The Ohio transportation budget passed by the Ohio General Assembly and signed by Governor DeWine on April 3 will include a new $200 annual up-front registration tax for both electric vehicles (EV) and plug in hybrids (PHEV), plus a $100 annual up-front tax for non-plug in hybrid electric vehicles (HEVs). Also included in the $8.5 billion budget was funding for maintenance of Ohio’s roads and bridges as well as other policy issues that pertain to transportation.
Twenty-one states across the country require an annual registration sticker for EVs and PHEV. Most range between $50 and $150 per year. Only West Virginia and Georgia charge $200 and both have seen a significant decline in adoption rates. Ohio would be the third state to require a fee at that level. Only five other states impose any extra up-front taxes on hybrid vehicles, since these vehicles already pay gas taxes and don’t have a plug. Ohio’s tax on hybrids will be the highest in the nation.
“This is a terrible bill for EV and hybrid owners,” said Jason Phillips, Policy Director for Clean Fuels Ohio. “From what we have seen in other states, anything over $100 per year will slow the market. The $200 level is absurdly high and out of line with the national norm. There is no doubt in my mind that charging EV and hybrid owners what is essentially an efficiency tax will have terrible consequences for a new market trying to gain a foothold in Ohio.”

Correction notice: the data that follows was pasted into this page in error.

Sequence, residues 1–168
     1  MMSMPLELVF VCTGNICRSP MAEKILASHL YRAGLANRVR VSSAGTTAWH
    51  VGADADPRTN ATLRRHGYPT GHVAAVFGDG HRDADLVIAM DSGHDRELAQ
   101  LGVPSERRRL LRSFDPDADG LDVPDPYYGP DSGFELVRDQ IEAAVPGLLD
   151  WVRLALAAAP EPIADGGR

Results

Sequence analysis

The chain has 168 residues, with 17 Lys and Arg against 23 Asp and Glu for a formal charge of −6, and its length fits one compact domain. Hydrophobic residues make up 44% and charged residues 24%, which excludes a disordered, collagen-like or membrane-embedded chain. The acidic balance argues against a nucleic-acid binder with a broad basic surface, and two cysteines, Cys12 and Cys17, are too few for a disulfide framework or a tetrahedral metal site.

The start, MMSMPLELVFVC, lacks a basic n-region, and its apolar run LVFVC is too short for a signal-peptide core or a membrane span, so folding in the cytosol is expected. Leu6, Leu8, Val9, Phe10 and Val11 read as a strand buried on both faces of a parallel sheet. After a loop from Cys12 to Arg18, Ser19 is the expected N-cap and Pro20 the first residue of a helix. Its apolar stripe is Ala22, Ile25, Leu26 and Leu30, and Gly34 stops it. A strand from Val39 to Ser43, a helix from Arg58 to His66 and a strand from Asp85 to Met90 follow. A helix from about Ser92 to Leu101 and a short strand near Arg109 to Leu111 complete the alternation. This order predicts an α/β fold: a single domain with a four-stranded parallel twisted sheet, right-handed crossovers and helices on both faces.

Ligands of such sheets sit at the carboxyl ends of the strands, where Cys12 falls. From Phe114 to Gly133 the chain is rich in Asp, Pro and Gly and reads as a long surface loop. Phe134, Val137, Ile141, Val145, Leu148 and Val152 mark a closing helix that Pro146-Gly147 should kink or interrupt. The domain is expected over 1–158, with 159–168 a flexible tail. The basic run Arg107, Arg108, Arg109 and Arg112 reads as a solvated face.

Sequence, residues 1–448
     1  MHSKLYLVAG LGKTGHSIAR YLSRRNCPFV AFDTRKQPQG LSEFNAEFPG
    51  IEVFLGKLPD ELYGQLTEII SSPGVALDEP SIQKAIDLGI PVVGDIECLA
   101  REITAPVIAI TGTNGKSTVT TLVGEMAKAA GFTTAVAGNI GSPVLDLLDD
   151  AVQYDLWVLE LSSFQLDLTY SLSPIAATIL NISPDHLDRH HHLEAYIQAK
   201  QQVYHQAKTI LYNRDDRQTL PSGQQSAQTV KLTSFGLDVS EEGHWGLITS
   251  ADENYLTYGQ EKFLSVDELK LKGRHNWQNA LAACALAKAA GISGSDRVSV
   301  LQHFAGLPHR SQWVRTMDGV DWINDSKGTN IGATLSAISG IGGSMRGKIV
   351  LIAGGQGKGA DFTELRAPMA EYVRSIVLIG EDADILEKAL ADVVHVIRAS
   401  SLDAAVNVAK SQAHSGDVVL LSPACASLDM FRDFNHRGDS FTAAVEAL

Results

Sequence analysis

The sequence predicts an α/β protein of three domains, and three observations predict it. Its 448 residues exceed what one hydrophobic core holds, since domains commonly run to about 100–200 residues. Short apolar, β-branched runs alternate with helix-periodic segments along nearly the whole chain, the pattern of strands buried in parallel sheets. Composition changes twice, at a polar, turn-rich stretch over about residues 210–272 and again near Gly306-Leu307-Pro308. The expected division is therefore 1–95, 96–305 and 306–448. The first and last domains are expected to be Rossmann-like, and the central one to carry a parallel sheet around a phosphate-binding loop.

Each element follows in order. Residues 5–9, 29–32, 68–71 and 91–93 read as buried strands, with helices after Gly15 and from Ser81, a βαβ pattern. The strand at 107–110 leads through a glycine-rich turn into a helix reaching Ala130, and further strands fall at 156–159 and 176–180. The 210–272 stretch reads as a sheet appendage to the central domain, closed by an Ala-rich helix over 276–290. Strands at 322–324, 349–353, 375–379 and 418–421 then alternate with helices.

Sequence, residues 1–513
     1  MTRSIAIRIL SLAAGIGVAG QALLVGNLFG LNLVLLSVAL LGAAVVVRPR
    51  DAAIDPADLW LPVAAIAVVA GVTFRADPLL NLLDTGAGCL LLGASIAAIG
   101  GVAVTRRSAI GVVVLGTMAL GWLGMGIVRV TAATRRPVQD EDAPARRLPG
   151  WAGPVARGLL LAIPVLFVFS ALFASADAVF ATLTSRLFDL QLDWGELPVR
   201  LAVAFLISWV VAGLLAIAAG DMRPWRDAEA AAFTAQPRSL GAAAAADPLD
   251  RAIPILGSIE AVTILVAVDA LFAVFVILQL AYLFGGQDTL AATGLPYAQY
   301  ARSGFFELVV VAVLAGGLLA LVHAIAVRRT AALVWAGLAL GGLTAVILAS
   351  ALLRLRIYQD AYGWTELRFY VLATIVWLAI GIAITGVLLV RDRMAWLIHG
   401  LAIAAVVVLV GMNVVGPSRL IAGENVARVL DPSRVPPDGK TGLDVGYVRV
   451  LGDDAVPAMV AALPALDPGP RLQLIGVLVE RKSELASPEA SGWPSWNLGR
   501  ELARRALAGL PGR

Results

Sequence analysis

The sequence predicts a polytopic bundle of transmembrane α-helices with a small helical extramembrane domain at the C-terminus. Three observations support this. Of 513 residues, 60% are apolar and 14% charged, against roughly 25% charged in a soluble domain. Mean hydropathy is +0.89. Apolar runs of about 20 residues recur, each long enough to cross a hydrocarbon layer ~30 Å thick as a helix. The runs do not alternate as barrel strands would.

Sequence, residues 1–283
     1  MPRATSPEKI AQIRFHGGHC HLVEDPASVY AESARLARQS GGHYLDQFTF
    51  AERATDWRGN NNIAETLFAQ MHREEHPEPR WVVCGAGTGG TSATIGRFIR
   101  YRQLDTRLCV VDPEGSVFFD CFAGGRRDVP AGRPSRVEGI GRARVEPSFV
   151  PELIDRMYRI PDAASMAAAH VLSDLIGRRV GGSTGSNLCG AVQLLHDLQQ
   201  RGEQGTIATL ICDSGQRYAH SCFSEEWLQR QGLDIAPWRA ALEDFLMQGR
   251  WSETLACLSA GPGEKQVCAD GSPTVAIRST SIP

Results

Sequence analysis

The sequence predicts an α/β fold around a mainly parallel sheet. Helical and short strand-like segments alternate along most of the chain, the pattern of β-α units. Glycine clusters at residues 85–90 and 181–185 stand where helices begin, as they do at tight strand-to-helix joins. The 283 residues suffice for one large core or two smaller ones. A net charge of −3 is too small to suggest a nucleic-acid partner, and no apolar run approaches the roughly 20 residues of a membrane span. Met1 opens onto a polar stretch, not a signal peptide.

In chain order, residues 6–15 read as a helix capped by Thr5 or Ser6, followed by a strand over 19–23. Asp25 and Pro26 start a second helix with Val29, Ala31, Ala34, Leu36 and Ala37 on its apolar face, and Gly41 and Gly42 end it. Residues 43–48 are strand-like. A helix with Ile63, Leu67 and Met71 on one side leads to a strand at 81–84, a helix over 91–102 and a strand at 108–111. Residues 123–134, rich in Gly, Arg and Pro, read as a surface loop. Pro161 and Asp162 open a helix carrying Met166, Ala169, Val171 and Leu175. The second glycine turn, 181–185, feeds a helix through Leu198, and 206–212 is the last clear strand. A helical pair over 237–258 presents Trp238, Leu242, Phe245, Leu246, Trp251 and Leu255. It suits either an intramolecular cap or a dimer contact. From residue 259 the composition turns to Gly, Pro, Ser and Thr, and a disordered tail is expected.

The Governor’s initial proposal did not include a registration fee for EVs or hybrids. The House initially started at $300 but came down to $200 for dedicated EVs and $100 for PHEV during transportation committee hearings. In the Senate Transportation Committee, those numbers went down to $175 and $100 respectively. In Conference Committee, the number went back up to $200 and $100. However, in the final hours of deliberation, the Conference Committee changed vehicle definitions, raising the PHEV tax up to $200 and adding a surprise $100 extra tax on conventional hybrid passenger cars.
“The numbers that were handed down by the conference committee didn’t make any sense,” Phillips stated. “Non-plug in hybrids are already paying into the road tax when they buy gasoline and PHEVs are also paying into the road tax as well. My understanding is the formula they used to get to these numbers dramatically overestimated how many miles an EV drives annually and underestimated how efficient EVs are.”
The new fees on electric vehicles and hybrids will go into effect in January 2020.